μCT-imaging, although via different scanners and producing different contrast quality, renders cross-sectional images that are sufficiently detailed for a 3D-reconstruction of the membranous semicircular canals, ampullae and sacculus, sensory structures (maculae), as well as the bones housing the inner and middle ear structures. An overview on the ophidian membranous labyrinth exists  but not for Python regius; however, these data were based on macroscopic dissections and are difficult to compare with the μCT-imaging presented here. All recently published papers using μCT-imaging report on the bony labyrinth [12–15]. A study by  focused on the hearing capabilities of healthy Python regius. This study presented also a 3D-reconstruction of the bony labyrinth and vestibule (including the macula sacculi), columella, and quadrate. All published μCT-data is fully consistent with our reconstructions. Therefore, we consider this independent support that the methods and documentation used here are fully appropriate to describe and record differences in morphology between wildtype animals and spider morph snakes. Our data comport with classical as well as modern (μCT of the bony labyrinth) documentations of the ophidian inner ear structures.
We find distinct morphological differences when comparing healthy wildtype snakes and spider morph snakes. In spider morphs, the cross-sectional diameter of the semicircular canals appears wider and the ampullae and the crus communis are inflated. The shape of the semicircular canals varies (intra- and interindividual) in the points of fusion and the diameter of the circle formed by each of the canals. Besides the structural differences, the inter- and intraindividual variability appears higher in spider morph snakes than in wildtype snakes.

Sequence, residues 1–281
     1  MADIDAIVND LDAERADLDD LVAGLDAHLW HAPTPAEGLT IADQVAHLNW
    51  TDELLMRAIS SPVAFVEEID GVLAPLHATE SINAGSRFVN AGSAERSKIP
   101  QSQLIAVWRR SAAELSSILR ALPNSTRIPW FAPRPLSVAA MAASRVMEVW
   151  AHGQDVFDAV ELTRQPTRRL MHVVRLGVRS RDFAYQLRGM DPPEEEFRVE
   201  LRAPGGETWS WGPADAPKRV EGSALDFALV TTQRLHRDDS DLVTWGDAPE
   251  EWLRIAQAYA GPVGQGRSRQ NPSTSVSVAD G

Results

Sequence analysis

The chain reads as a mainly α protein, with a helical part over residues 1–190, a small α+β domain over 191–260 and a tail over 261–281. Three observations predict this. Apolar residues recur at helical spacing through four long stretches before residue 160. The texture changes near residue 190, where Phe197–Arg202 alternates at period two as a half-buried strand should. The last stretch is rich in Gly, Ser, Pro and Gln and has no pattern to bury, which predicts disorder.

Most conspicuous is the morphological difference in the sacculus when comparing wildtype and spider morphs. As reported above, the sacculus of spider morph snakes is distinctly smaller, deformed, and lacks a coherent macula. Because the sacculus and the ampullae of the semicircular canals are organs of equilibrium, it is not surprising that these morphological differences are associated with neurological symptoms including head tilt, tremor, corkscrewing, reduced striking accuracy, and reduced righting reflex (reported in detail in ). An independent study by  showed that all spider morph pythons were affected by the wobble condition, however, to some variable degree.
Spider morph python and vestibular disorder